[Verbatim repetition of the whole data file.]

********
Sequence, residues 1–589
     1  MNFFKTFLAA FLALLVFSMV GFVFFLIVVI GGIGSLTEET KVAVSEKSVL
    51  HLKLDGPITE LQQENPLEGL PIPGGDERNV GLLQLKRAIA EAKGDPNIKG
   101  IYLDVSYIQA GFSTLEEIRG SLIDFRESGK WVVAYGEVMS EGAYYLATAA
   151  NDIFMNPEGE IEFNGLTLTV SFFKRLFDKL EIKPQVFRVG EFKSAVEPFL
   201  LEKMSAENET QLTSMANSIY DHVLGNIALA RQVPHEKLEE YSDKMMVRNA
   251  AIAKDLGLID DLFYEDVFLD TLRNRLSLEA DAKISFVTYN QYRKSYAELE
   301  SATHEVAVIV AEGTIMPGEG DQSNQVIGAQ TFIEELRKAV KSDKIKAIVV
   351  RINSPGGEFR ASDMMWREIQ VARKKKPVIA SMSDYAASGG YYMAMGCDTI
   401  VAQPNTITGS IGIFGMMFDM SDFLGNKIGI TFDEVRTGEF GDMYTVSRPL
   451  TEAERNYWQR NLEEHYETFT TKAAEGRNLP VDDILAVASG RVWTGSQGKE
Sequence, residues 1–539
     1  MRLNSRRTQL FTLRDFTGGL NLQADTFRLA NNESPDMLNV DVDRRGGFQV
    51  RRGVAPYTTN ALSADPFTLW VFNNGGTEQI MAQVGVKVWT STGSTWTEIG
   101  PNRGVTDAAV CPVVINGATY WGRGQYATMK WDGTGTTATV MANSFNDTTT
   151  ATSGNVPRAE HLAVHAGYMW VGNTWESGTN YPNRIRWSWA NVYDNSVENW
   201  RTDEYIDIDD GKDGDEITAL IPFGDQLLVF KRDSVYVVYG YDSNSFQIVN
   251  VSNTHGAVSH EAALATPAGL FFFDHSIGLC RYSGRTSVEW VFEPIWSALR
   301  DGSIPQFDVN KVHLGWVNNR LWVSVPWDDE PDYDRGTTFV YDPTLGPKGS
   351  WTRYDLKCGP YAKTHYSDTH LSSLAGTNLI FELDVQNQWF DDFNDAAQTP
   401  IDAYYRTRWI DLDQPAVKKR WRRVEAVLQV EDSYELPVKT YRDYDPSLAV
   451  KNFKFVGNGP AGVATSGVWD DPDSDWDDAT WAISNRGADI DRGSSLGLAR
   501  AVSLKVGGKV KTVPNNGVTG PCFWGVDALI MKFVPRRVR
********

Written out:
Sequence, residues 1–589
     1  MNFFKTFLAA FLALLVFSMV GFVFFLIVVI GGIGSLTEET KVAVSEKSVL
    51  HLKLDGPITE LQQENPLEGL PIPGGDERNV GLLQLKRAIA EAKGDPNIKG
   101  IYLDVSYIQA GFSTLEEIRG SLIDFRESGK WVVAYGEVMS EGAYYLATAA
   151  NDIFMNPEGE IEFNGLTLTV SFFKRLFDKL EIKPQVFRVG EFKSAVEPFL
   201  LEKMSAENET QLTSMANSIY DHVLGNIALA RQVPHEKLEE YSDKMMVRNA
   251  AIAKDLGLID DLFYEDVFLD TLRNRLSLEA DAKISFVTYN QYRKSYAELE
   301  SATHEVAVIV AEGTIMPGEG DQSNQVIGAQ TFIEELRKAV KSDKIKAIVV
   351  RINSPGGEFR ASDMMWREIQ VARKKKPVIA SMSDYAASGG YYMAMGCDTI
   401  VAQPNTITGS IGIFGMMFDM SDFLGNKIGI TFDEVRTGEF GDMYTVSRPL
   451  TEAERNYWQR NLEEHYETFT TKAAEGRNLP VDDILAVASG RVWTGSQGKE
Sequence, residues 1–539
     1  MRLNSRRTQL FTLRDFTGGL NLQADTFRLA NNESPDMLNV DVDRRGGFQV
    51  RRGVAPYTTN ALSADPFTLW VFNNGGTEQI MAQVGVKVWT STGSTWTEIG
   101  PNRGVTDAAV CPVVINGATY WGRGQYATMK WDGTGTTATV MANSFNDTTT
   151  ATSGNVPRAE HLAVHAGYMW VGNTWESGTN YPNRIRWSWA NVYDNSVENW
   201  RTDEYIDIDD GKDGDEITAL IPFGDQLLVF KRDSVYVVYG YDSNSFQIVN
   251  VSNTHGAVSH EAALATPAGL FFFDHSIGLC RYSGRTSVEW VFEPIWSALR
   301  DGSIPQFDVN KVHLGWVNNR LWVSVPWDDE PDYDRGTTFV YDPTLGPKGS
   351  WTRYDLKCGP YAKTHYSDTH LSSLAGTNLI FELDVQNQWF DDFNDAAQTP
   401  IDAYYRTRWI DLDQPAVKKR WRRVEAVLQV EDSYELPVKT YRDYDPSLAV
   451  KNFKFVGNGP AGVATSGVWD DPDSDWDDAT WAISNRGADI DRGSSLGLAR
   501  AVSLKVGGKV KTVPNNGVTG PCFWGVDALI MKFVPRRVR